Making Bad News Writing Better

Education Resources,

By Christopher Jones-Cruise

When I started writing columns for RTDNA about bad broadcast news writing, I thought I would run out of examples, and quickly. I figured I would get two, maybe three columns out of the subject and be done with it.

Almost, four years later, I haven’t run out. So far, I’ve written almost two dozen, with half a dozen more in the works. I write the column, and will give a presentation on the subject at the Excellence in Journalism conference next month, because I believe we can and should write better, more clearly and with fewer clichés. And I think our audience sometimes mocks us and our delivery and writing, and that cannot be good for our credibility.

The New York Times has defined journalese as “a strained and artificial voice more common to news reports than to natural conversation.” The Economist has described it as “a strange English dialect.” It pervades our industry, even at the highest levels, making us sound odd, distant from our audience, often unintelligent, downright juvenile and occasionally scare-mongering.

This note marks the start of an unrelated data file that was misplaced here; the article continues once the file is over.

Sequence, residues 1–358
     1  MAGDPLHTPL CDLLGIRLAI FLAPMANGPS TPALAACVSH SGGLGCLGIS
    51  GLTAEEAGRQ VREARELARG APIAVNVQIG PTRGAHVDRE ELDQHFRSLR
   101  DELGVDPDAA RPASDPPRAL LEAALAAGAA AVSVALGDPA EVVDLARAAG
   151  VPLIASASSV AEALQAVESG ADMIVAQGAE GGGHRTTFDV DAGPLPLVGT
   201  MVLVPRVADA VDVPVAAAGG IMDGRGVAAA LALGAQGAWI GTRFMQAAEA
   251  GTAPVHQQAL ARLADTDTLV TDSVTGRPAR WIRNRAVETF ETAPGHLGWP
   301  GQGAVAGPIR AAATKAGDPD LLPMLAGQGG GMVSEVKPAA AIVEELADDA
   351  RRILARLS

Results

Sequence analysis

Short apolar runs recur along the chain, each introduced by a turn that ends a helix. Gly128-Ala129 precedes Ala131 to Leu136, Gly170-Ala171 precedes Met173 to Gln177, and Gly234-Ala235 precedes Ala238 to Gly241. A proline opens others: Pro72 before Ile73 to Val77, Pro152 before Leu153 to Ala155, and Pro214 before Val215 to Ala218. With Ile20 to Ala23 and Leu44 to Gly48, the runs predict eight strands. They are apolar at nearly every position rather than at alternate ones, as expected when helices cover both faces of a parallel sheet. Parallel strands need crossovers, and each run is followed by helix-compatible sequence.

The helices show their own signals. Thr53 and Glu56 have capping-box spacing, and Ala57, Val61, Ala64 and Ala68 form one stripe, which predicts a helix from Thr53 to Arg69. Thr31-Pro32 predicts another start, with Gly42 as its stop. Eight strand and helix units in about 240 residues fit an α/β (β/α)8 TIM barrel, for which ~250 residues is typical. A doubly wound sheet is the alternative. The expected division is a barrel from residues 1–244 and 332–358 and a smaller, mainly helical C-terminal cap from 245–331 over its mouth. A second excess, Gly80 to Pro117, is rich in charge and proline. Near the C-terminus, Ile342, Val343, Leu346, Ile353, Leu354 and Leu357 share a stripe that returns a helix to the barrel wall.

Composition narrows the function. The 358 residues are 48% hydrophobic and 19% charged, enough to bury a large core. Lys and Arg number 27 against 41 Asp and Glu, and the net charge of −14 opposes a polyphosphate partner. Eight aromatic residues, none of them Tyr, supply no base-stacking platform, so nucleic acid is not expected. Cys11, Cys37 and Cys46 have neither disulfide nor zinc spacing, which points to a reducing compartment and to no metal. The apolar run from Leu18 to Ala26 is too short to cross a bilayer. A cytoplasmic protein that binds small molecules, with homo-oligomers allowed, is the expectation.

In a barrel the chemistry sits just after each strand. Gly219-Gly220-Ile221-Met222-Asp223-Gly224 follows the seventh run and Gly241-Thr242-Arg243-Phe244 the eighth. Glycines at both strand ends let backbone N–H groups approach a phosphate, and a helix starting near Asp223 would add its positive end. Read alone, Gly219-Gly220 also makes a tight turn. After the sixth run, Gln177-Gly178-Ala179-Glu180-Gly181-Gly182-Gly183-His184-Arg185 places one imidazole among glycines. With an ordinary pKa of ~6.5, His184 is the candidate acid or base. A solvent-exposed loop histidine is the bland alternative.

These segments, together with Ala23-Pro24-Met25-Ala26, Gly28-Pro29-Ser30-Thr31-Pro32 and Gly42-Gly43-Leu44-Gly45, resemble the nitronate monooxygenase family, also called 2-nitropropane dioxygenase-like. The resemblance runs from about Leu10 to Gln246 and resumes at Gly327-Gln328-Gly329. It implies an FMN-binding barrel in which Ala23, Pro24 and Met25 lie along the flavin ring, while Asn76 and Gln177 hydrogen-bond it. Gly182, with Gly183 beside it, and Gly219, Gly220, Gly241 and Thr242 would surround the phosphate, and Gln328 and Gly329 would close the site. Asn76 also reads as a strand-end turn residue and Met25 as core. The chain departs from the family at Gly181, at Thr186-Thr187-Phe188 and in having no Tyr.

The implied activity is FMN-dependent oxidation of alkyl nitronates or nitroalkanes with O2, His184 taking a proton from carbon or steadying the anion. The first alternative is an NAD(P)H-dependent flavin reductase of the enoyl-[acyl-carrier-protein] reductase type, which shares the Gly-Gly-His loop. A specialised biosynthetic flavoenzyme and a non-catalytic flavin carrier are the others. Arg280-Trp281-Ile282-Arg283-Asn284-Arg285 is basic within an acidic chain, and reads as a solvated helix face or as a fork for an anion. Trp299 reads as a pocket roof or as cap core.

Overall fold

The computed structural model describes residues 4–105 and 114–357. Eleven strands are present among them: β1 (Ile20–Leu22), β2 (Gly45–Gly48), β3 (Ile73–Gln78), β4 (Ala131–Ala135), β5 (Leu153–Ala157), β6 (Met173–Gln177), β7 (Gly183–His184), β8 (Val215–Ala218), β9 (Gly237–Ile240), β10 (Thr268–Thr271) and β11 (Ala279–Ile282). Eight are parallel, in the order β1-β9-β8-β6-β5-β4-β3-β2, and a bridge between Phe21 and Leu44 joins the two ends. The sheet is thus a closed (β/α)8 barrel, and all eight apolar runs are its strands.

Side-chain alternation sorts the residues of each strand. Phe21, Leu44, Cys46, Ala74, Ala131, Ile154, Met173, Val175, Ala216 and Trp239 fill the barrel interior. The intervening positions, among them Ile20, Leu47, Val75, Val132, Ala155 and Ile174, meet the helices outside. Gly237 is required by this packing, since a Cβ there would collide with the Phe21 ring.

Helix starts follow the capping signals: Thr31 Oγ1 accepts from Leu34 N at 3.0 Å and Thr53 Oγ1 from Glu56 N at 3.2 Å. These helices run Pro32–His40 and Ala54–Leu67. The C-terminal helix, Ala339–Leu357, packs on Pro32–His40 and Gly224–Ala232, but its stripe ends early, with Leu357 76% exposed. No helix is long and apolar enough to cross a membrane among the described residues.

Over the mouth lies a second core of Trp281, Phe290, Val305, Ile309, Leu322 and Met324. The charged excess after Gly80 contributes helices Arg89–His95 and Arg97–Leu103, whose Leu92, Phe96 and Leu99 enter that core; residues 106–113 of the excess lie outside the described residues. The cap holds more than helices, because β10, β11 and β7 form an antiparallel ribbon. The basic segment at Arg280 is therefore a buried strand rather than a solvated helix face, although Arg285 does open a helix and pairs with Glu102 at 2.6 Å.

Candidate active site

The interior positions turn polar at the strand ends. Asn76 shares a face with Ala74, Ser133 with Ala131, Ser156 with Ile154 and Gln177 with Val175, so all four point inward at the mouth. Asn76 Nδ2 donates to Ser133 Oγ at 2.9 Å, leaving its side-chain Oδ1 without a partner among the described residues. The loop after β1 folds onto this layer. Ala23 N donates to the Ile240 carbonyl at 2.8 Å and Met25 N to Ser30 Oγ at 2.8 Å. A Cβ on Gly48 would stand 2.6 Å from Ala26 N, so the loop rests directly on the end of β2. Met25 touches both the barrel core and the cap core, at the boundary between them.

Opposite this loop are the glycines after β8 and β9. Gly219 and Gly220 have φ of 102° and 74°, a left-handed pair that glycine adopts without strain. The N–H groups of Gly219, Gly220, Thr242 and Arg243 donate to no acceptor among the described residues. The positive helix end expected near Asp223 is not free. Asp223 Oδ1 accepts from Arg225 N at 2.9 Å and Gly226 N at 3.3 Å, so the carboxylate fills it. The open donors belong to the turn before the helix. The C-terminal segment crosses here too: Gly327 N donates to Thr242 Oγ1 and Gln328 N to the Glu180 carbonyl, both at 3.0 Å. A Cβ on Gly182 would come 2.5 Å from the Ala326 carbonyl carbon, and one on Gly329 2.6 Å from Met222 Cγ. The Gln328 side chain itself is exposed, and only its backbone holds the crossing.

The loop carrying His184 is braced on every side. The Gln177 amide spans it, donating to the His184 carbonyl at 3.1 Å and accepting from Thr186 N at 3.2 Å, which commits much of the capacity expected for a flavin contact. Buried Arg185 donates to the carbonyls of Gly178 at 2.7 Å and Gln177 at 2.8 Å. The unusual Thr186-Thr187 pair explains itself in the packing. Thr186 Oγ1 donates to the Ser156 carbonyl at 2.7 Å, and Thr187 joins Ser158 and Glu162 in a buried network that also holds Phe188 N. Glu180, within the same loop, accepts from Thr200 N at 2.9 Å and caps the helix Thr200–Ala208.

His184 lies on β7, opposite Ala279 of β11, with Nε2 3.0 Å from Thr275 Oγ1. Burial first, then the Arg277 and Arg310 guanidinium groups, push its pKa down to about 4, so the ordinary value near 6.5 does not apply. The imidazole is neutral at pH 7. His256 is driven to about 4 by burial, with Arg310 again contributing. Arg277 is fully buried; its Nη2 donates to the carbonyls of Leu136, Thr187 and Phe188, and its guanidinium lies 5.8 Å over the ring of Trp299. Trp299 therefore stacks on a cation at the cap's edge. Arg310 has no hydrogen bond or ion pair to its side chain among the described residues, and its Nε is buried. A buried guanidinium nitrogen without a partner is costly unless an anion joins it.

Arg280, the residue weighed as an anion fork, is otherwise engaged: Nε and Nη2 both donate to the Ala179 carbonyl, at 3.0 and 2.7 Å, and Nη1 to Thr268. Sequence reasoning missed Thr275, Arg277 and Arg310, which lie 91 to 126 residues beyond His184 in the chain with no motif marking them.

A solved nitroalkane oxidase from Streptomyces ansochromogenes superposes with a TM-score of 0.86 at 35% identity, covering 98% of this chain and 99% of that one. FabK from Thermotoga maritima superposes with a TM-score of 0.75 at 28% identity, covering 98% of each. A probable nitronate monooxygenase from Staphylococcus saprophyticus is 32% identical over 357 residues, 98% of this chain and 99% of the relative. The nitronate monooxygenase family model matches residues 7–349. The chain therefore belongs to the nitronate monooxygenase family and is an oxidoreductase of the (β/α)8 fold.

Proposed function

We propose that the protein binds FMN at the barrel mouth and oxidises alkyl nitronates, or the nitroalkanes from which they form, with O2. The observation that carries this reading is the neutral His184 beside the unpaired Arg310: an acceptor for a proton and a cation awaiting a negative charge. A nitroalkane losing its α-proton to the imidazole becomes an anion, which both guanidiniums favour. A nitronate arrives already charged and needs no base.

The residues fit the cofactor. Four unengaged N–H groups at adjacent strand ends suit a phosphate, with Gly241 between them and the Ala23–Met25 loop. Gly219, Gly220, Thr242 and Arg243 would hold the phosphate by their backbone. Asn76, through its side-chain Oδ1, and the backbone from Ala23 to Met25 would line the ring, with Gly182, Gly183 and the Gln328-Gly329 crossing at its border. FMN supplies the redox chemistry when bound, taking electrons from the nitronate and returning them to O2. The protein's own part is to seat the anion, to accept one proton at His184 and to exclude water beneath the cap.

At EIJ in Baltimore next month I’ll share some of the worst examples of journalese and some ways to write better. I’ll also show you some videos that a local television reporter has put together mocking the way we talk on the air; they’ll make you cringe because you will see and hear yourself or some of your colleagues in them. I’ll point out some Twitter accounts to follow that will help with your news writing and show you a thin and inexpensive book on the subject that can change the way you write if you apply the principles therein.

We write and speak the way we do because we have learned from bad examples or because no one demands that we write better. We rarely stop and ask why we are speaking in such an odd manner. I hope the class will be a place where we can question our writing and learn ways to write, even on deadline, without resorting to journalese.

After the session, check the conference app and RTDNA member resource portal for the presentation, links to sites that will help you write better and a big list of some of the worst journalese, including: area residents, local hospital, no word on, details are sketchy, close proximity, begs the question, pontiff, envoy, a Pittsburgh man and a lot more.

I look forward to seeing you in Charm City in The Old Line State.

Let’s just go ahead and call it Baltimore, Maryland, shall we?